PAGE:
Field Trippin'

Another busy day behind us! Today was all about gathering inspiration for our designs from the environment and culture around us. After breakfast, two rounds of seated basketball, and a discussion on the historic architecture each student has seen in their home villages, we piled into the van and headed to the Inupiat Heritage Center. The museum guides and archaeology staff gave us an excellent tour, including a behind-the-scenes peak at their storeroom and the collections they have yet to document. The museum focuses on the whaling culture and gave us insight into the design of the tools and structures that make whaling possible. In particular, we were interested in the umiaq, or skin boat frame, the tents the crews use when they are camped out on the ice waiting for whales, and the qargi, a traditional communal structure. 

Our tour guide explains a typical whaling camp tent structure.

We also got a chance to visit the traditional room at the museum, where several artisans spend their day creating beautiful artwork from tusk ivory, whale bone, baleen, and other traditional materials. The students were all excited to see the amazing work of the artists and were able to ask questions about their process turning raw materials into art. After the workshop visit, our guides taught us to say the names of tools and materials we will be using in Inupiaq. We'll be practicing while we work!

Buckets of baleen await use in the traditional room workshop.

Nick snapped this shot of knives (savik) and tools (savalgutit) made with bone and antler handles.

Kirsten, Mike O., and Marina talk with our guide and an artist about his craft.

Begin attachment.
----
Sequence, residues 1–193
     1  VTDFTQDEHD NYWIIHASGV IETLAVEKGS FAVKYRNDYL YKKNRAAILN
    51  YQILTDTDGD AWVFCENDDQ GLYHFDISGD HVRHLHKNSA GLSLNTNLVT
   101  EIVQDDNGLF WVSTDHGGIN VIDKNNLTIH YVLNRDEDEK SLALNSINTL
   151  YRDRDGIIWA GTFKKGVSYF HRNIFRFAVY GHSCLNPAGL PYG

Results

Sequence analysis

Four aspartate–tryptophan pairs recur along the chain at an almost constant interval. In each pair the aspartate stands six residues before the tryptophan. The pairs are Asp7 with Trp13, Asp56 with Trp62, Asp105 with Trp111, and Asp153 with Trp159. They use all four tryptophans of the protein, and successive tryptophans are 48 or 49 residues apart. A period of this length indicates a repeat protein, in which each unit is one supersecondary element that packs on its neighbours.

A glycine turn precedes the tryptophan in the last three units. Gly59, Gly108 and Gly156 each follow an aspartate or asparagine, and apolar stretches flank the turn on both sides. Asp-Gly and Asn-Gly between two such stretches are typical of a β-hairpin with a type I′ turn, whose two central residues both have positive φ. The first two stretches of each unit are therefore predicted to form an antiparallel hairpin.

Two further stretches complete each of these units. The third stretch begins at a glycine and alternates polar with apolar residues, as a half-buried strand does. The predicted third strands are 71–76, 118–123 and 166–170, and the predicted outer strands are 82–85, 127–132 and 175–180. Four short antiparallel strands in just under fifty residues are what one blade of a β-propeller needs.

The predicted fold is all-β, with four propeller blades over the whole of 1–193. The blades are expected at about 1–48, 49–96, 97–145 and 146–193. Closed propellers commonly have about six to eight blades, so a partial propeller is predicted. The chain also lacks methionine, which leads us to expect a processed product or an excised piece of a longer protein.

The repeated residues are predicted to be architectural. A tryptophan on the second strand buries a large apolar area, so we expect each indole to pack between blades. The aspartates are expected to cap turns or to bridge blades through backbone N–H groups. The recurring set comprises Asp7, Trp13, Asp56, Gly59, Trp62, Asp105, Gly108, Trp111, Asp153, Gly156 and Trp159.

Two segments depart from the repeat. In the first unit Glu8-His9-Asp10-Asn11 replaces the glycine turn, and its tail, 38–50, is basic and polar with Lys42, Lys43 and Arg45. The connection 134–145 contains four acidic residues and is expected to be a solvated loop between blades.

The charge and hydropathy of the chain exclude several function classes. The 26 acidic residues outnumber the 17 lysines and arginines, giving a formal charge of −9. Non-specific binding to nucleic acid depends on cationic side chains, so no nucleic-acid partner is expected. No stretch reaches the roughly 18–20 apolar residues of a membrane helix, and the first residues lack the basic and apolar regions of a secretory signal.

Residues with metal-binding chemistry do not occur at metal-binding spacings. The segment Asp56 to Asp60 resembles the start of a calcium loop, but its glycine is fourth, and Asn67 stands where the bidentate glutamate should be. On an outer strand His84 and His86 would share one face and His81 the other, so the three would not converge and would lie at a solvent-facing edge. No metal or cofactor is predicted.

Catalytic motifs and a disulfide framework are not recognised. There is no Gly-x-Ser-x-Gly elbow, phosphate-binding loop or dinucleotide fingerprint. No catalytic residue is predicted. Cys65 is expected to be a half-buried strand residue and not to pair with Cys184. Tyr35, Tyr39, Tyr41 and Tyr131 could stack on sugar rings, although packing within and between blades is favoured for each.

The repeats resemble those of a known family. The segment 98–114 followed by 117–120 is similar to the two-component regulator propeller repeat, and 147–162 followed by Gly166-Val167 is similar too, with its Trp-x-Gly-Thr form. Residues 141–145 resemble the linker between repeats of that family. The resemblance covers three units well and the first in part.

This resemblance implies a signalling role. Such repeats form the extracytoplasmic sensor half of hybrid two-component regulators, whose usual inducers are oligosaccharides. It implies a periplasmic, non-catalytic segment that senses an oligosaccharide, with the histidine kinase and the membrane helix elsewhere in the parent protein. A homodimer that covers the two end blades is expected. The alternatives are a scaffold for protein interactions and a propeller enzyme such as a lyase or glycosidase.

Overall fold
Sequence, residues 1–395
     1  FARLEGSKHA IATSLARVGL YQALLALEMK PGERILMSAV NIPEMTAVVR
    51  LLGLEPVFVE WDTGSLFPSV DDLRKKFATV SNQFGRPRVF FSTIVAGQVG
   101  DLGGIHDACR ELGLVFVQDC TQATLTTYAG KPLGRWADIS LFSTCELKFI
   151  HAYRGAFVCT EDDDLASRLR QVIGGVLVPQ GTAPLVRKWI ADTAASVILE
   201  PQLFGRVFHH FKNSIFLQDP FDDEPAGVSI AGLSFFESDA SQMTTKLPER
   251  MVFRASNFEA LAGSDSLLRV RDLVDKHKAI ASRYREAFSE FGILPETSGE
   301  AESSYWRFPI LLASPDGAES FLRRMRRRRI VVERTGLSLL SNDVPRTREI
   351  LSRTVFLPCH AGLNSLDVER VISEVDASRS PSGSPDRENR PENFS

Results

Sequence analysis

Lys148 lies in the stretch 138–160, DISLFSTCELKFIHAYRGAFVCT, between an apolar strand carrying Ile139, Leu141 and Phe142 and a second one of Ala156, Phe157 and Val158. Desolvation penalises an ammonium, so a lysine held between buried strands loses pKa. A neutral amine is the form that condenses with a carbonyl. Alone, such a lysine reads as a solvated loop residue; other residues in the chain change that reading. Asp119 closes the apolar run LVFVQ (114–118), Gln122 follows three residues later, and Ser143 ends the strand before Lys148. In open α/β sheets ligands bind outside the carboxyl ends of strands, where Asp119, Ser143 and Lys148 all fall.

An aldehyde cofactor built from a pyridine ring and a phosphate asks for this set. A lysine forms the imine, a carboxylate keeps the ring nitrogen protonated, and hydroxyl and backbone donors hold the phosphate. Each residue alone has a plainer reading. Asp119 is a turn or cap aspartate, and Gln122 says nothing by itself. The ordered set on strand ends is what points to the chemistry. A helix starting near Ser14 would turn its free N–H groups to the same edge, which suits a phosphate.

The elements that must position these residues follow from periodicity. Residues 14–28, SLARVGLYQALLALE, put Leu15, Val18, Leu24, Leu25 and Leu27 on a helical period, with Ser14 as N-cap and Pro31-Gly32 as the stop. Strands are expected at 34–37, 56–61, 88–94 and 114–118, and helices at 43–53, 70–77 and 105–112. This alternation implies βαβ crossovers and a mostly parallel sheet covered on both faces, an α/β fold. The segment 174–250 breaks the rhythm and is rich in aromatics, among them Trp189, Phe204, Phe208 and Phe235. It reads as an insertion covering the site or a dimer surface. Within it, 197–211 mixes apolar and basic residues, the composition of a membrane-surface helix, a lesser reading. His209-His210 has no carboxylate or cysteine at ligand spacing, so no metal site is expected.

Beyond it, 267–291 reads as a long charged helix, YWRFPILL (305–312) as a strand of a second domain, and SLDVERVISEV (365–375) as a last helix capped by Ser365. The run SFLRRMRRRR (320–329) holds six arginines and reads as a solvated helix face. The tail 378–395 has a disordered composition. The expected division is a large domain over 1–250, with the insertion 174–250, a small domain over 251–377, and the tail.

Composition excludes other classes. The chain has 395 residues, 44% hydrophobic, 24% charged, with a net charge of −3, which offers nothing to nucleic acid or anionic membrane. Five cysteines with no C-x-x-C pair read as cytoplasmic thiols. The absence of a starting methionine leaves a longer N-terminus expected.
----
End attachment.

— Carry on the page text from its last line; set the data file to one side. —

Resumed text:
Our next stop of the day was the second playground, Sadie Neakok Memorial Playground, for more site analysis. The students mapped it out and took in environmental observations while beginning to think of design ideas for the shelters. They couldn't resist testing out the playground for their own use as well...

Kirsten sketches a walrus slide while Marina poses for a picture.

Testing out the court.

After documenting our site, we stopped by a couple of points on the coast to see the location of some historic sod houses similar to ones we had studied in an earlier lecture. All that remains of these ancient homes are some mounds of tundra poking up from the rest, but the landscape around Barrow makes it not so difficult to imagine what it might have been like before the cars and powerlines of modernity came onto the scene. 

Ancient sod hut in the foreground, modern day structures in the back.

Our final field trip of the day was to travel north of Barrow to the cabins at Pigniq. Masaak, the shuttle driver, came with us and gave us the inside scoop, since he owns a couple of cabins in the camp. He told tales of growing up in the small cabin his family still owns, and we all chose a cabin to sketch, observing for each of them orientation, window and door placement, roof structure, and foundation design. 

Masaak talks of earlier times in duck camp while Mike O., Kirsten, and Evelyn listen in.

Umiaq and typical cabin at Pigniq.

Once back in the classroom, we spent the remainder of the afternoon with a structures lesson and 'studio time' - beginning to brainstorm, draw, and model ideas for the playground shelters. 

Marina, Mike O., Joe, and Mike P. demonstrate how tension works while Milly explains.

Ideas were beginning to take shape as we left the shop / studio for the night... looking forward to seeing the progress tomorrow!